2016 CotY Award
First Place, Residential Kitchen
My client owns a 1922 Dutch Colonial home in Shaker Heights, Ohio. The rear of the house had two previous additions, (not handled by R.B. Schwarz, Inc). The first addition was a small breakfast room which created a cramped, L-shaped kitchen. The second addition was a family room. However, you could not enter the kitchen from the family room. The previous additions did not match the architectural style of the original house.
My client wanted a large, open kitchen with room for an island and access to the backyard from the kitchen. They wanted to be able to walk from the family room directly into the kitchen, and to make that walk without stepping up or down a level.
Besides the kitchen and family room remodel, the home did not have central air. As a result, window units were used in the kitchen and family room. We wanted to eliminate these units. Keeping to a tight budget was a factor for my client. We had to deliver a top quality kitchen but not break the bank.
To meet my client’s needs, we built a small addition to connect the two previous additions, creating an open floor plan that allowed us to expand the kitchen and add an island. We created a new back entry to the home. The floor was raised in the family room to the height of the new kitchen floor. A sky light was added for more natural light. We also added more storage cabinets and counter top space in the kitchen.
In this remodel and addition, we faced many challenges as one can expect with older homes. The rooflines on the adjacent additions were at different levels and the walls were not square. We also had to remove two load-bearing walls. Excavation was difficult due to a tight working area, and the electrical service was running through the area that was to be excavated. The original home had steam heat with no air conditioning. We eliminated the steam heat in the kitchen and family room and added a modern HVAC system.
More About The Project
BEFORE: Back entrance
From this original image, you can pick out two separate additions. The bump-out on the right was a kitchen/breakfast nook addition, and the bump out on the left is the family room. The door on the left addition opens into the family room, but there was no door from the kitchen out onto the patio.
DURING: Back entrance
This image highlights the two exterior walls that will be removed once we have installed load-bearing beams. We’ll point out the center square is where the old sink window was. This area will become the back entrance. R.B. Schwarz, Inc. team will expertly rebuild ceilings, floors, crawl space and walls to turn a patchwork house into a cohesive floor plan.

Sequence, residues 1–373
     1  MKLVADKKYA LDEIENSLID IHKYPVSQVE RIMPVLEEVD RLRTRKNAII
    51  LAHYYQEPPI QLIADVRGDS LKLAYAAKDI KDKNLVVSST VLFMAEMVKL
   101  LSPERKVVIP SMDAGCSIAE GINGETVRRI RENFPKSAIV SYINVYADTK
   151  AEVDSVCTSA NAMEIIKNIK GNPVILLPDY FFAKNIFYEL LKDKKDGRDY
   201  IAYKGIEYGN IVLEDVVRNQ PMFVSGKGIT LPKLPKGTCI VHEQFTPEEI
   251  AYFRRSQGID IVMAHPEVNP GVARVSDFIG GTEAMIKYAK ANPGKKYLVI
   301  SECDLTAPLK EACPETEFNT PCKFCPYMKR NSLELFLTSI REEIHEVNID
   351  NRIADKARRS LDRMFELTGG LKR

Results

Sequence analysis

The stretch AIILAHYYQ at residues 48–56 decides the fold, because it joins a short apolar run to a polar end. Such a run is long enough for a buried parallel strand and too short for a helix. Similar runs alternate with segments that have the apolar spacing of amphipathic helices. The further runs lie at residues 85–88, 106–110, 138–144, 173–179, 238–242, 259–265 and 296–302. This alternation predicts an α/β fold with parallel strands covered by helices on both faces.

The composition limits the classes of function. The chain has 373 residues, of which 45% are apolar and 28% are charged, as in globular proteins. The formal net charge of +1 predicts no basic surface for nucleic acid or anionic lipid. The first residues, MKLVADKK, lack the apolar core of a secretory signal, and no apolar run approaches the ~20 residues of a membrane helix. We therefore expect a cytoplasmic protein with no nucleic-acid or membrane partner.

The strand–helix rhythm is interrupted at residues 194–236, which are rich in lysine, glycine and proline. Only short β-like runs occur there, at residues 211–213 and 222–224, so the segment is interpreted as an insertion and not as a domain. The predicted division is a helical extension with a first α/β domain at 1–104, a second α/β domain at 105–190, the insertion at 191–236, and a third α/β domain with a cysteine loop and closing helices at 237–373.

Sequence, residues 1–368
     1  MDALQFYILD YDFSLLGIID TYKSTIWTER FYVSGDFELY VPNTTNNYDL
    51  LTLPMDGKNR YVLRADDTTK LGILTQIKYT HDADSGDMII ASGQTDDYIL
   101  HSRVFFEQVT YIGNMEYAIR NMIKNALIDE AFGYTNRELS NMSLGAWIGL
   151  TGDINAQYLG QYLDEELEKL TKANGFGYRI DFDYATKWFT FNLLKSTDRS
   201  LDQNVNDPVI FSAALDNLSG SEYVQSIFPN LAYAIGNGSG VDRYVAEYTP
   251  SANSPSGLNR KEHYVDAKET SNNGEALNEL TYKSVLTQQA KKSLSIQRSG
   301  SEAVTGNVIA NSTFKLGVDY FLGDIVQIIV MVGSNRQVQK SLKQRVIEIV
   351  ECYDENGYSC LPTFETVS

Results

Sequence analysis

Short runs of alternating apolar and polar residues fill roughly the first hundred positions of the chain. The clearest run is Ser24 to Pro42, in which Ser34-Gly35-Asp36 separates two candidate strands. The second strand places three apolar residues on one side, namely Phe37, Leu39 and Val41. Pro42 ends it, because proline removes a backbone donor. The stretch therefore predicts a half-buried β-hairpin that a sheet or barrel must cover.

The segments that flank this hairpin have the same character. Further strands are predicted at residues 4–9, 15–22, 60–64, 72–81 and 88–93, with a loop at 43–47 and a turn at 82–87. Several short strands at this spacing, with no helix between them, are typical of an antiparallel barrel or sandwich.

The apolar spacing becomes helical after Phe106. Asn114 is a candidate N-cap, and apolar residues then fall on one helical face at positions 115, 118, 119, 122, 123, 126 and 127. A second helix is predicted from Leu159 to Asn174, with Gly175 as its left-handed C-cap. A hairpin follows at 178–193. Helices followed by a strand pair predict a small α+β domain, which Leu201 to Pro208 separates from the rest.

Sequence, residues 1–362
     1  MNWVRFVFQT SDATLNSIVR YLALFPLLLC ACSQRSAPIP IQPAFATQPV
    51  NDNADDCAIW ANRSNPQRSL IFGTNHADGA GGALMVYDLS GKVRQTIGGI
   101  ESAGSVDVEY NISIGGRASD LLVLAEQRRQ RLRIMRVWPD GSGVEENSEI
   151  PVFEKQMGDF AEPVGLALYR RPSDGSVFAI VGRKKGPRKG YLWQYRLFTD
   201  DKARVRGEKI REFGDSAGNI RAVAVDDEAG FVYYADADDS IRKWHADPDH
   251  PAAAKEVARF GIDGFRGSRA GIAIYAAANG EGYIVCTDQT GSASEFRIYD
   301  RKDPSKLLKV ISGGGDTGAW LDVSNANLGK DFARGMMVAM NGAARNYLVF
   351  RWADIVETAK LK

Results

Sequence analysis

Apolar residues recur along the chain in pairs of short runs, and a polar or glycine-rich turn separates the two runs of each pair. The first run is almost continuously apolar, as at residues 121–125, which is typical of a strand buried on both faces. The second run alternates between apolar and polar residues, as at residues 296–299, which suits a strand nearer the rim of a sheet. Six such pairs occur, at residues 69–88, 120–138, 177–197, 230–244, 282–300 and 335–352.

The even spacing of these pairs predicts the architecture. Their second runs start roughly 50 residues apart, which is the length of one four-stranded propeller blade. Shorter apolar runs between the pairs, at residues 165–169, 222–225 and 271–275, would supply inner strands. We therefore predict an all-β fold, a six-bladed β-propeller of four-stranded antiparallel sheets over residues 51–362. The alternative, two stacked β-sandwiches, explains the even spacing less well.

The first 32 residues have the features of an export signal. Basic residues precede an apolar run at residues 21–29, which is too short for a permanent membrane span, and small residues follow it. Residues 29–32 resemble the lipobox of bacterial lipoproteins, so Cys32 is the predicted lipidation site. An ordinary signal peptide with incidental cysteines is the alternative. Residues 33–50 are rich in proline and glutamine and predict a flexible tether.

AFTER: Back Entrance
In this photo of the back entry, you can see the family room and kitchen are directly connected. The windows to the right of the door are new. The windows on the left were original with the first family room addition. We took great pains to restore as much of the original detail as possible.
BEFORE: Sink run
The original sink run was part of an old addition. Note the 80s wall cabinets, limited countertops, small sink and large soffits. From the window you can see the exterior door that led into the family room.
DURING: Sink run
The bottom photo shows the sink run after we have removed the cabinets and plaster from the walls. The door in the background is the exterior door to the family room.
AFTER: Sink run
This photo shows the finished sink run. Besides more floor space and counter space, you can now see (and walk!) directly into the family room and easily exit to the backyard from the new Marvin door. This bright new kitchen features quartz countertops and custom cabinetry.
BEFORE: L-shaped Kitchen
The old cabinets and counter in this breakfast room continued from the kitchen. But the layout was awkward and the space was cramped.
DURING: L-shape is Gone!
After load-bearing walls and cabinets were removed, R.B. Schwarz put in a new foundation and floor structure. The two additions are coming together to form one open layout addition! (The wall and door in this picture lead to the family room; they too will be removed.)
AFTER: L-shape is Gone!
This photo shows the view of the completed kitchen and open floor plan. Homeowners enjoy light from the sky light in the ceiling over the new back entry. R.B. Schwarz, Inc. added wall and base cabinets on the right side are intended to look like a built-in hutch. The back and sides of the island feature a beautiful beadboard. And the diagonal tile pattern is intended to mimic patio pavers.
BEFORE: Kitchen Corner
In a previous image, you saw the “before” image of cabinetry in the breakfast room; this “before” image shows another corner of the old breakfast room. The window on the left and the radiator will be eliminated to make room for the new hood and stove. The window on the back wall will be replaced and relocated above the sink.
DURING: Kitchen Corner
Image shows an exterior wall before insulation was installed where the stove will be relocated. The shiny metal object is the ducting for the new hood. The plywood patch is where we removed a window.
AFTER: Kitchen Corner
Transformation of this corner: With a window removed, the stove and hood are now located where the window was. The new island has ample space where guests can sit. The kitchen lighting has been greatly improved with a combination of 6” can lights, pendant lighting and surface fixtures! R.B. Schwarz, Inc. also added under cabinet lighting.
BEFORE: Cramped Kitchen appliances
This “before” image shows the original refrigerator and stove located in the back corner of the kitchen. (This area is now a large pantry.) The large soffits were removed so that R.B. Schwarz could run the cabinets to the ceiling, as would have been the case when the house was originally built in the early 1920s.
BEFORE: Cramped Kitchen